This page uses content from Wikipedia and is licensed under CC BY-SA.
East Asian age reckoning is a concept and practice that originated in China and is widely used by other cultures in East Asia. People are born at the age of one (instead of "zero"), and on New Year's Day, one year is added to their age. Since age is incremented at the beginning of lichun, which is the first of the twenty-three solar terms, rather than on the anniversary of a birthday, people may be one or two years older in Asian reckoning than in the western age system.
In China, age changes on the lichun. The current age reckoning system in use in South Korea is based on the Gregorian Calendar. In Eastern Mongolia, age is traditionally determined based on the number of full moons since conception for girls, and the number of new moons since birth for boys. In Japan, Vietnam, and South Korea, New Year's Day is used as the date of change of age for traditional fortune-telling or religion. The idea of a universal birthday disappeared from all of East Asia, with China and Japan having switched to the western age reckoning system.
In either the traditional or modern age system the word sui (traditional Chinese: 歲; simplified Chinese: 岁; pinyin: suì), meaning "years of age", is used for age counting. When a person's age is given in a publication, it is often specified whether it is his or her:
Of the three, only 周歲/周岁 (Chinese), zhōusuì (pinyin) = "round age" may be used as a count word.
When a child has survived one month of life (29 days if lunar month reckoning) a mun yuet (Chinese: 滿月; pinyin: mǎnyuè) celebration can be observed, in which duck or chicken eggs dyed red are distributed to guests to signify fertility.
Japanese uses the word sai (歳 or 才) as a counter word for both the traditional and modern age system.
The traditional system of age reckoning, or kazoedoshi (数え年), was rendered obsolete by law in 1902 when Japan officially adopted the modern age system, known in Japanese as man nenrei (満年齢). However, the traditional system was still commonly used, so in 1950 another law was established to encourage people to use the modern age system.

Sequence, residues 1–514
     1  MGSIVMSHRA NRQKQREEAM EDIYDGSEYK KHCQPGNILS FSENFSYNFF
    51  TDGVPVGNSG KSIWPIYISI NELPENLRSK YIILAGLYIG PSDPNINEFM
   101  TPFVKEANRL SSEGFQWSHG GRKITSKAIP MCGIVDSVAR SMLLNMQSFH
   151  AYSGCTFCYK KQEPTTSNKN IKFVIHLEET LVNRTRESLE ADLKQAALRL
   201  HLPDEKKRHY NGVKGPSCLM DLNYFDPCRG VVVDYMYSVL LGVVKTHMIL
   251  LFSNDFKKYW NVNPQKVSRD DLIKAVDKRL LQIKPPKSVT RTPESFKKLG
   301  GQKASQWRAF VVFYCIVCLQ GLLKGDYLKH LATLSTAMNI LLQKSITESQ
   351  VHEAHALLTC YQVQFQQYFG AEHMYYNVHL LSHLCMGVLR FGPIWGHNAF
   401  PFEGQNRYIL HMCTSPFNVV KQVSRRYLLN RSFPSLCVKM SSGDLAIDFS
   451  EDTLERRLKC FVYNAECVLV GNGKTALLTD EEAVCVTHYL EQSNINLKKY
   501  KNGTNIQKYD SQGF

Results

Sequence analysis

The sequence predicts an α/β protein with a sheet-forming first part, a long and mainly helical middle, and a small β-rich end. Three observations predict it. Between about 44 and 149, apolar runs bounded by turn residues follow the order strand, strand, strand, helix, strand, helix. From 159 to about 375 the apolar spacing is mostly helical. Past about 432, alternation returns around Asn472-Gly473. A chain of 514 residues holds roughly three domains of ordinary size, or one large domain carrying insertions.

Today the traditional system is mainly used by the elderly and in rural areas. Elsewhere its use is limited to traditional ceremonies, divinations, and obituaries.[original research?]
South Koreans generally refer to their age in units called sal (살), using Korean numerals in ordinal form. Thus, a person is one sal ("han sal", 한살) during the first calendar year of life, and ten sal during the tenth calendar year.
The 100th-day anniversary of a baby is called baegil (백일), which literally means "a hundred days" in Korean, and is given a special celebration, marking the survival of what was once a period of high infant mortality. The first anniversary of birth named dol (돌) is likewise celebrated, and given even greater significance. South Koreans celebrate their birthdays, even though every South Korean gains one 'sal' on New Year's Day. Because the first year comes at birth and the second on the first day of the New Year, children born, for example, on December 29 will reach two years of age on the New Year's Day, when they are only days old in western reckoning. Hence, everyone born on the same calendar year effectively has the same age and can easily be calculated by the formula: Age = (Current Year - Birth Year) + 1
In modern South Korea the traditional system is most often used. The international age system is referred to as "man-nai" (만나이) in which "man" (만) means "full" or "actual", and "nai" (나이) meaning "age". For example, man yeol sal means "full ten years", or "ten years old" in English. The Korean word dol means "years elapsed", identical to the English "years old", but is only used to refer to the first few birthdays. Cheotdol or simply dol refers to the first Western-equivalent birthday, dudol refers to the second, and so on.
The traditional system has not been used in modern North Korea since the 1980s.
The Korean Birthday Celebrations by the lunar calendar is called eumnyeok saeng-il (음력 생일, 陰曆生日) and yangnyeok saeng-il (양력 생일, 陽曆生日) is the birthday by Gregorian calendar.
For official government uses, documents, and legal procedures, a chronological age system is used akin to the system used in Western countries. Regulations regarding age limits on beginning school, as well as the age of consent, are all based on a chronological system (man-nai). The age limit for tobacco, alcohol use are after January 1 of the year one's age turns to 19.
This traditional system is widely used in modern Vietnam. In conversations, speakers would distinguish the traditional age ("tuổi ta" - our age or "tuổi mụ" - age (including) prebirth) and the Western age ("tuổi Tây" - Western age).
Koreans are considered one year old at birth and added another year at New Year’s....some Koreans may use American age counting convention while others still follow Korean convention. To eliminate this confusion, Korean asked “만나이(Man-nai)’: the same as the U.S. age counting convention.
시기나 햇수를 꽉 차게 헤아림을 이르는 말.(trans. The word refers to calculating full years or periods.
Ⅰ. (명사) 어린아이가 태어난 날로부터 한 해가 되는 날. (Ⅱ )1. 생일이 돌아온 횟수를 세는 단위. 주로 두세 살의 어린아이에게 쓴다. 2. 특정한 날이 해마다 돌아올 때, 그 횟수를 세는 단위.
최근 이승엽의 아버지 이춘광씨는 보통 양력생일을 치르는 요즘의 추세와 달리 이승엽의 음력 생일(1976년 8월18일)을 치르는 사연을 밝혀 화제가 됐다 (trans. It was a recent topic that Lee Chun-gwang, the father of Lee Seung-Yeop, revealed the reason why Lee Seung-Yeop takes his lunar birthday on August 18, 1976 instead of the solar birthday as opposed to the current trend.)
한국의 경우 만 20세로 성년이 되며(민법 제4조)...연령의 계산은 민법 제155조 이하의 규정에 의하나, 출생일을 산입한다(동법 제158조). 1977년의 민법 개정으로 혼인에 의한 성년의제(成年擬制)의 제도를 도입했다..대통령선거법·국회의원선거법·국민투표법·지방자치법·지방의회의원선거법·미성년자보호법 등에서는 이 원칙이 적용되지 않는다.
"청소년"이란 만 19세 미만인 사람을 말한다. 다만, 만 19세가 되는 해의 1월 1일을 맞이한 사람은 제외한다.